ROME, 6 June 2002 -- The 15 member countries of the European Union, as well as the European Community, today signed the International Treaty on Plant Genetic Resources for Food and Agriculture, according to a statement issued by the UN Food and Agriculture Organization (FAO).

On 3 November 2001, the FAO Conference approved the International Treaty on Plant Genetic Resources for Food and Agriculture in Rome. The legally binding treaty for the first time covers conservation and sustainable use of the world's agricultural plant genetic material, as well as the fair and equitable sharing of its benefits, including the commercial benefits. The treaty is in harmony with the Convention on Biological Diversity.

With these signatures, the number of countries that have signed the treaty increased to 26, plus the European Community. Eritrea, Egypt, Jordan and Guinea have already ratified the treaty. The treaty enters into force after ratification by 40 countries.

"The signature by the 15 EU member states and the European Community and their announcement that they intend ratifying it as soon as possible is a major breakthrough," said Louise Fresco, FAO Assistant Director-General for Agriculture. "It comes only a few months after the adoption of the agreement and shows the importance countries are giving to genetic resources for food and agriculture on which global food security depends. I hope that this will send a strong signal to other countries to follow suit."

FAO expects more countries will sign the Treaty during the upcoming World Food Summit: five years later (Rome, 10-13 June 2002).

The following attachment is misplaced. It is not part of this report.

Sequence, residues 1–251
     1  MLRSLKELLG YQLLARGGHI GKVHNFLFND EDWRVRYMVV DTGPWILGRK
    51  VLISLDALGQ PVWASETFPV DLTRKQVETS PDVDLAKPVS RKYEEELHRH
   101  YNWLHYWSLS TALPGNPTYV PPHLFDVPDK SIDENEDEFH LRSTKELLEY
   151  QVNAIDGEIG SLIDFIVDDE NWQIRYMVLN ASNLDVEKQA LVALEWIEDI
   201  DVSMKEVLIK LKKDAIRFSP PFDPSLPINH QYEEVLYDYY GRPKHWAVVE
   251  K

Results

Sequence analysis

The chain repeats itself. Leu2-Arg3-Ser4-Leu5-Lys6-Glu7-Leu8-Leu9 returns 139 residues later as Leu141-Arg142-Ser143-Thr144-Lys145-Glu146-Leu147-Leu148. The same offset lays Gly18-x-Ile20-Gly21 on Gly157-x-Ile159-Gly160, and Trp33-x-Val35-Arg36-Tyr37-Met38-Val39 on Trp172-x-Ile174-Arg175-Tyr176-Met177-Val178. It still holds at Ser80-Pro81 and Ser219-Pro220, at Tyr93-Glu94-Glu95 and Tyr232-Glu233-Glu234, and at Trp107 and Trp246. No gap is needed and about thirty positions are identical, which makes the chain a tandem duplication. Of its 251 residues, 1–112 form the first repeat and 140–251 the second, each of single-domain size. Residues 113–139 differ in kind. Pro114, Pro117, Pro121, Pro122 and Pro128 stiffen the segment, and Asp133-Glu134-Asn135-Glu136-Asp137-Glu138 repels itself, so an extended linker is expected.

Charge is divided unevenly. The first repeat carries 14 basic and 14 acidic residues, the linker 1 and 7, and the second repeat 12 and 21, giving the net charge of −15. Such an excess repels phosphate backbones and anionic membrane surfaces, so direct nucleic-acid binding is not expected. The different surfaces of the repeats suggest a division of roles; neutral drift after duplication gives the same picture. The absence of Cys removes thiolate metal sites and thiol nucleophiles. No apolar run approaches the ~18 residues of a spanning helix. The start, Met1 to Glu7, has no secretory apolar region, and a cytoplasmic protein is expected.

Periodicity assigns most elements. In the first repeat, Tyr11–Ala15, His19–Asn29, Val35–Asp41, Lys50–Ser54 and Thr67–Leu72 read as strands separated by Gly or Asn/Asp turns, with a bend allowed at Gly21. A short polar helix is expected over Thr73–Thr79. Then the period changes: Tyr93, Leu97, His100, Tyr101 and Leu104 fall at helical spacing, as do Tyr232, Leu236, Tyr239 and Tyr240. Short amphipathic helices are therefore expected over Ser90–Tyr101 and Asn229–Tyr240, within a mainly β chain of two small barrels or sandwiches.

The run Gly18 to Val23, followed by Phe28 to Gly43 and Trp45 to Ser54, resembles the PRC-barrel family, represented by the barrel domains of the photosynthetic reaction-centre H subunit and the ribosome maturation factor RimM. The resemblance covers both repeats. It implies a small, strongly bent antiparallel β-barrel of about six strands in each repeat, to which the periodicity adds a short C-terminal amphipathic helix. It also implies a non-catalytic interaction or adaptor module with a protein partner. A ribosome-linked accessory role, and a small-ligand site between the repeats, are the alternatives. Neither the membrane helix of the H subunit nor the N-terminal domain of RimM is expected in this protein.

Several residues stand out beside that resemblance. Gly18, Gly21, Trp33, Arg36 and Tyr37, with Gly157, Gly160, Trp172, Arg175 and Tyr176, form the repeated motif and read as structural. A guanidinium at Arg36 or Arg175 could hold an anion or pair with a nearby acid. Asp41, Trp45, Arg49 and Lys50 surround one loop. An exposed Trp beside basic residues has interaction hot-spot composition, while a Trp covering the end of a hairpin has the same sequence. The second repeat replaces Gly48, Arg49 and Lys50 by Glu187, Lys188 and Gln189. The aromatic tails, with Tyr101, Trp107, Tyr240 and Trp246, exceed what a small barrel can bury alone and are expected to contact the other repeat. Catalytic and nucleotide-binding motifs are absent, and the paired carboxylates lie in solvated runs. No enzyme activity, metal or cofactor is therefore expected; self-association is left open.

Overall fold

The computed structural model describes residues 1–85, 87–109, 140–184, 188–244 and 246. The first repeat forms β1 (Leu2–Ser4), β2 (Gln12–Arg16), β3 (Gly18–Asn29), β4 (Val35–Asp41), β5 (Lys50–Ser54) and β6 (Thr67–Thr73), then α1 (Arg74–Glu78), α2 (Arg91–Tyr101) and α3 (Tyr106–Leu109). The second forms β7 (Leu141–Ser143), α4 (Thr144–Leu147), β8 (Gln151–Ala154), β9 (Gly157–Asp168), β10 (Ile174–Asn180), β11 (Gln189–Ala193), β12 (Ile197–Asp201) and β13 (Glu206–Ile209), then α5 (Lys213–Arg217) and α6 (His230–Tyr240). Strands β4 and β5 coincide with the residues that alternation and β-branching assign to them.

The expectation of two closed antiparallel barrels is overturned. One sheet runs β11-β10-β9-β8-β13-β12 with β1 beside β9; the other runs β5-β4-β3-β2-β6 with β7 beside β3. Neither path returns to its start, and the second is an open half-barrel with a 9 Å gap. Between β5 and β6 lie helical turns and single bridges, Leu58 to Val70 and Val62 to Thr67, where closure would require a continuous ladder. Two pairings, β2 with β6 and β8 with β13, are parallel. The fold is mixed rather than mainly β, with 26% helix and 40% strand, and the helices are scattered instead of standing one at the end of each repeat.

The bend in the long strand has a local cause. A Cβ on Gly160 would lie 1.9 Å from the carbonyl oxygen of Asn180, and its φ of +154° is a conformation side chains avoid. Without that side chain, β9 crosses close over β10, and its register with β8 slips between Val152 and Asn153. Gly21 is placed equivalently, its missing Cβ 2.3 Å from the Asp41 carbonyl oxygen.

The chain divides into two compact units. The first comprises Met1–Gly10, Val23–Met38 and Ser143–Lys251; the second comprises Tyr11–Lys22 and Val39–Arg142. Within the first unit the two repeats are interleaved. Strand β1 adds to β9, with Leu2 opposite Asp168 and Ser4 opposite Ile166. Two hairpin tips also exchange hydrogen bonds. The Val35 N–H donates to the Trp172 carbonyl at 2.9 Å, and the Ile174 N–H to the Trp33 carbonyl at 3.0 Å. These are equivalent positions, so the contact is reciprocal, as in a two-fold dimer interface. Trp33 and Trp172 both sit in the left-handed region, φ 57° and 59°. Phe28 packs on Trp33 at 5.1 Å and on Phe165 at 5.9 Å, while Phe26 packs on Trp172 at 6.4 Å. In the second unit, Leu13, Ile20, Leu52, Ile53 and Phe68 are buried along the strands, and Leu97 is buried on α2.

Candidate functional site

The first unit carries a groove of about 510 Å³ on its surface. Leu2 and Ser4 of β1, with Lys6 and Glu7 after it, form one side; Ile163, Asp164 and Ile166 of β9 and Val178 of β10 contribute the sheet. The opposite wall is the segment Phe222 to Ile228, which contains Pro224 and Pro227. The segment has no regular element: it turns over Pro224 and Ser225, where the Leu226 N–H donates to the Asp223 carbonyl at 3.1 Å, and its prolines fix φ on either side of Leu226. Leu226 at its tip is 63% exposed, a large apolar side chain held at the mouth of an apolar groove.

Genetic resources for food and agriculture are essential in the development of sustainable agriculture and food security. It is estimated that 10 000 species have been used for human food and agriculture. However, only about 150 plant species make up the diets of the majority of the world's population. Of these, just 12 species provide over 70 percent of food, while four -- rice, maize, wheat and potatoes -- make up over 50 per cent of the world's energy intake.

"In spite of their vital importance for human survival, genetic resources are being lost at an alarming rate. The treaty will provide incentives to continue conserving and developing them," said José Esquinas-Alcazar, Secretary of the FAO Commission on Genetic Resources for Food and Agriculture.

The treaty covers all plant genetic resources for food and agriculture. It also established a multi-lateral system for access and benefit sharing for 64 major crops and forages important for global food security. Together these provide around 80 percent of the world's energy intake.

The countries richest in genes are often the poorest in economic terms, FAO said. Most of the world's plant genetic diversity is found in the developing countries.